Pitre History, Family Crest & Coats of Arms

The distinguished surname Pitre emerged among the industrious people of Flanders, which was an important trading partner and political ally of Britain during the Middle Ages. As a result of the frequent commercial intercourse between the Flemish and English nations, many Flemish migrants settled in Britain. In early times, people were known by only a single name. However, as the population grew and people traveled further afield, it became increasingly necessary to assume an additional name to differentiate between bearers of the same personal name. One of the most common classes of surname is the patronymic surname, which was usually derived from the first name of the person's father. Flemish surnames of this type are often characterized by the diminutive suffix -kin, which became very frequent in England during the 14th century. The surname Pitre is derived from the personal names Peter and Patrick. These two names were frequently confused in Scotland since the Gaelic forms of Patrick were Pádair and Pátair. The Flemish Pitre family is believed to be descended from a family named Peters who migrated from Antwerp in Belgium to Cornwall during the 12th century. From there, the family moved to Kincardine, Aberdeen, and Caithness in Scotland.

Early Origins of the Pitre family

The surname Pitre was first found in Kincardineshire where they held a family seat from early times and their first records appeared on the early census rolls taken by the early Kings of Scotland to determine the rate of taxation of their subjects.

Early History of the Pitre family

This web page shows only a small excerpt of our Pitre research. Another 114 words (8 lines of text) covering the years 1530, 1612, 1688, 1643, 1714, 1703 and 1707 are included under the topic Early Pitre History in all our PDF Extended History products and printed products wherever possible.

Pitre Spelling Variations

Flemish surnames are characterized by a large number of spelling variations. One reason for this is that medieval English lacked definite spelling rules. The spellings of surnames were also influenced by the official court languages, which were French and Latin. Names were rarely spelled consistently in medieval times. Scribes and church officials recorded names as they sounded, rather than adhering to specific spelling rules, and people often had their names registered in several different forms throughout their lives. One of the greatest reasons for change is the linguistic uniqueness of the Flemish settlers in England, who spoke a language closely related to Dutch. The pronunciation and spelling of Flemish names were often altered to suit the tastes of English-speaking people. In many cases, the first, final, or middle syllables of surnames were eliminated. The name has been spelled Petrie, Petree, Petre and others.

Early Notables of the Pitre family (pre 1700)

Another 42 words (3 lines of text) are included under the topic Early Pitre Notables in all our PDF Extended History products and printed products wherever possible.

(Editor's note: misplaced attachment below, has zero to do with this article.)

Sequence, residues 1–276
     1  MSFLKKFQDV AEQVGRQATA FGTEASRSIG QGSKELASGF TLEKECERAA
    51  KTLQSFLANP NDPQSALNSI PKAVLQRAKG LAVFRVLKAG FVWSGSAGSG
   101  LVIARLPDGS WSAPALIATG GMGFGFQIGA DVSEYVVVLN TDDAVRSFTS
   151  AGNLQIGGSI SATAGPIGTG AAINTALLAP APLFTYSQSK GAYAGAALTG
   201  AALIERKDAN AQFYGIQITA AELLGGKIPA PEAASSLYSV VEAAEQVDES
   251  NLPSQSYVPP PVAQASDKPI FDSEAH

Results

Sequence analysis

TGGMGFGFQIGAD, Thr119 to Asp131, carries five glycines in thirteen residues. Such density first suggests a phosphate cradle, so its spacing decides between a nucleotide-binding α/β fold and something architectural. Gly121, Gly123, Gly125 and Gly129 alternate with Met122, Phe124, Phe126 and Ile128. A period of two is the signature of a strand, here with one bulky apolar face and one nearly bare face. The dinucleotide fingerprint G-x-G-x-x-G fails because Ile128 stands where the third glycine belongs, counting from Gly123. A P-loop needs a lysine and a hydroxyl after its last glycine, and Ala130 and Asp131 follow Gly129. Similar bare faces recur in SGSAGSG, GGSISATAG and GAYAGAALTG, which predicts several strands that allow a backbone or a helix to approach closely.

United States Pitre migration to the United States +

In the immigration and passenger lists were a number of people bearing the name Pitre

Pitre Settlers in United States in the 18th Century
  • Joseph Pitre, who landed in South Carolina in 1755 [1]
  • Margueritte Boudreau Pitre, aged 46, who landed in New Orleans, La in 1785 [1]
  • Marie Richard Pitre, aged 42, who arrived in New Orleans, La in 1785 [1]
  • Martin Pitre, aged 22, who landed in New Orleans, La in 1785 [1]
  • Natalie Pitre, aged 50, who arrived in New Orleans, La in 1785 [1]
  • ... (More are available in all our PDF Extended History products and printed products wherever possible.)

Canada Pitre migration to Canada +

Some of the first settlers of this family name were:

Pitre Settlers in Canada in the 18th Century
  • Olivier Pitre, aged 24, who landed in St Pierre and Miquelon in 1767

Contemporary Notables of the name Pitre (post 1700) +

  • Glen Pitre (b. 1955), American screenwriter and film director
  • Austin Pitre (1918-1981), American Cajun music pioneer
  • John Pitre (b. 1942), American visionary art painter
  • Audie Thomas Pitre (1970-1997), accomplished American bass guitarist
  • Albert Pitre (1848-1928), French neurological physician
  • Giuseppe Pitrè (1841-1916), the great Italian folklorist was also a medical doctor, professor, and senator
  • Louise Pitre (b. 1957), Canadian actress in musical theatre on Broadway and in Canada
  • Joseph George Didier "Cannonball" Pitre (1883-1934), Canadian professional ice hockey forward

The Pitre Motto +

The motto was originally a war cry or slogan. Mottoes first began to be shown with arms in the 14th and 15th centuries, but were not in general use until the 17th century. Thus the oldest coats of arms generally do not include a motto. Mottoes seldom form part of the grant of arms: Under most heraldic authorities, a motto is an optional component of the coat of arms, and can be added to or changed at will; many families have chosen not to display a motto.

Motto: Fide sed vide
Motto Translation: Trust but take care.

  1. ^ Filby, P. William, Meyer, Mary K., Passenger and immigration lists index : a guide to published arrival records of about 500,000 passengers who came to the United States and Canada in the seventeenth, eighteenth, and nineteenth centuries. 1982-1985 Cumulated Supplements in Four Volumes Detroit, Mich. : Gale Research Co., 1985, Print (ISBN 0-8103-1795-8)

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